Return to Nazareth (Matthew 13:54-58; Mark 6:1-6)

Submitted by admin on Mon, 2008-02-11 14:22.

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Upon returning to Nazareth with his disciples, Jesus, as was his custom on the Sabbath, went to the synagogue. Those assembled there knew him to be an exemplary person, were acquainted with his close relatives, and had heard about his miraculous works. Hearing him teach on this occasion, they responded with amazement but could not bring themselves to believe that he was the promised Messiah. (Matthew 13:54; Mark 6:1, 2)

All they did was to question how it could be that Jesus had been endowed with such outstanding wisdom as reflected in his teaching and had been empowered to perform miracles. In their estimation, he was just the carpenter of Nazareth and a carpenter’s son. His mother was Mary, his brothers were James, Joseph (Joses), Judas, and Simon, and his sisters were still living in the town. To the townspeople there seemed to be nothing out of the ordinary about the family. Their view of him as a man of Nazareth and whose family they knew proved to be the obstacle that prevented them from responding to him in faith. They “stumbled at him.” In view of their lack of faith, Jesus was moved to call attention to the fact that a prophet is without honor in his home area, among his relatives, and in his own house. (Matthew 13:54-57; Mark 6:2-4)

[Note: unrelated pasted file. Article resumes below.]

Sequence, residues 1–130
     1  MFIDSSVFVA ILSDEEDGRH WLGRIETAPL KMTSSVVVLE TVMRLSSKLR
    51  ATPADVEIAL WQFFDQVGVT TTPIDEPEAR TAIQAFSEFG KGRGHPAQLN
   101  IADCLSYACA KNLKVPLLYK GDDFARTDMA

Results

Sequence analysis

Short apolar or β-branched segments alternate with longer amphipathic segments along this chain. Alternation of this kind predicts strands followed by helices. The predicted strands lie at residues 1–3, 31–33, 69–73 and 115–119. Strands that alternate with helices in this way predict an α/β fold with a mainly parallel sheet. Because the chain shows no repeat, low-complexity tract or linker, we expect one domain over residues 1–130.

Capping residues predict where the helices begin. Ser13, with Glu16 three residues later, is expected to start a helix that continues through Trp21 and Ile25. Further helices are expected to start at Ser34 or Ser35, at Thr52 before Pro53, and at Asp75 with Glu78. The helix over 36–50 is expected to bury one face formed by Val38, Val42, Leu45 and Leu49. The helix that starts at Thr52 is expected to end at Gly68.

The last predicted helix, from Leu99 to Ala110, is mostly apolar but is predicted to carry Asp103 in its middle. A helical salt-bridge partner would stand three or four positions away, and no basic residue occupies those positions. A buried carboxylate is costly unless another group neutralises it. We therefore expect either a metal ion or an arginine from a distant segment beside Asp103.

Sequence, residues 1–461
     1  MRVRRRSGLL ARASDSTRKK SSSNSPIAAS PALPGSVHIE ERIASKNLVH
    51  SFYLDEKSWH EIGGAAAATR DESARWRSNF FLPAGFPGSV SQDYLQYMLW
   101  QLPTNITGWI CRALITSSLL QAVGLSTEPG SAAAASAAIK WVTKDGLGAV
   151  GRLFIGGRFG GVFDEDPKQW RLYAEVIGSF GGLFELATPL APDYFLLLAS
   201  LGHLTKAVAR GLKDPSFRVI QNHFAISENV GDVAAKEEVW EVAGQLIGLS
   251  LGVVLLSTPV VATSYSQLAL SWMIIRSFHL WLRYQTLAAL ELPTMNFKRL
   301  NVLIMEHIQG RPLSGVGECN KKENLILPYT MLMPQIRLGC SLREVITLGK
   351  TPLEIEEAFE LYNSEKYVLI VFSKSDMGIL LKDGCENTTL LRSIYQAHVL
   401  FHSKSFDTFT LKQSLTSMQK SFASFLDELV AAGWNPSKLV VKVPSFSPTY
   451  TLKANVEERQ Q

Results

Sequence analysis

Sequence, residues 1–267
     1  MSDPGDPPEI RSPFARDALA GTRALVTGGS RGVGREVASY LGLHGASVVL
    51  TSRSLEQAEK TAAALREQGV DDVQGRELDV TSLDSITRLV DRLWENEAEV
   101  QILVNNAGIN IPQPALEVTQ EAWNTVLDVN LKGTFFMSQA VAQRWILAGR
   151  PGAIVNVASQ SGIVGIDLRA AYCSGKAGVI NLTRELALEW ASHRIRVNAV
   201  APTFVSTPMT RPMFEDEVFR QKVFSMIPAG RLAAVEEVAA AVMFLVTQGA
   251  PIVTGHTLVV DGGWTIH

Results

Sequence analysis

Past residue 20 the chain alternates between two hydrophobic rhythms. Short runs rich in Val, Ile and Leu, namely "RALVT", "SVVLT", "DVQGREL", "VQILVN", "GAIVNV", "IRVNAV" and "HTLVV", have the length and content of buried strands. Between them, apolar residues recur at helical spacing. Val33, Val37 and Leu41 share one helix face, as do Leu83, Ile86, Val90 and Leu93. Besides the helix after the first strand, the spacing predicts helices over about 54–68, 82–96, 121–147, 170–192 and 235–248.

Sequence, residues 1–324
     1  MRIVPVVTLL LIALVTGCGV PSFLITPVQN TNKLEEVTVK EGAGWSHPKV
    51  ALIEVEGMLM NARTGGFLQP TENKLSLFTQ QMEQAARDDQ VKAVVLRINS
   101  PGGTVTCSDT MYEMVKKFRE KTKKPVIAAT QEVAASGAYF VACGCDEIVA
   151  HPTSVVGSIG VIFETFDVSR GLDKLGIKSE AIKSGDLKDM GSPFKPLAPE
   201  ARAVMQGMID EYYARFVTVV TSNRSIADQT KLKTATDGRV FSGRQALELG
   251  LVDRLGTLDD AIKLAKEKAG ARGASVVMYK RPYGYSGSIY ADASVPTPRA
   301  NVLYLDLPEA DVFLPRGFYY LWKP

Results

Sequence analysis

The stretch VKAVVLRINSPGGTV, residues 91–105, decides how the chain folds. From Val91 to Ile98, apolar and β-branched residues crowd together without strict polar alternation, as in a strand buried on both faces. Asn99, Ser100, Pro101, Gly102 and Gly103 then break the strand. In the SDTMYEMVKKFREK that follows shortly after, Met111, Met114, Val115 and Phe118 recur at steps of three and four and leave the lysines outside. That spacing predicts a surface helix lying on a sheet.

Even among the afflicted people of Nazareth, few came to him to be healed. Therefore, upon only an insignificant number of sickly ones did he lay his hands and cure them. If it had not been for their lack of faith, Jesus would have been able to bring relief from suffering to many more. For Jesus, their unbelief, despite what they knew and had observed and heard, was a cause for wonderment. He left the town with his disciples and spent time teaching in various towns and villages of Galilee. (Matthew 13:58; Mark 6:5, 6)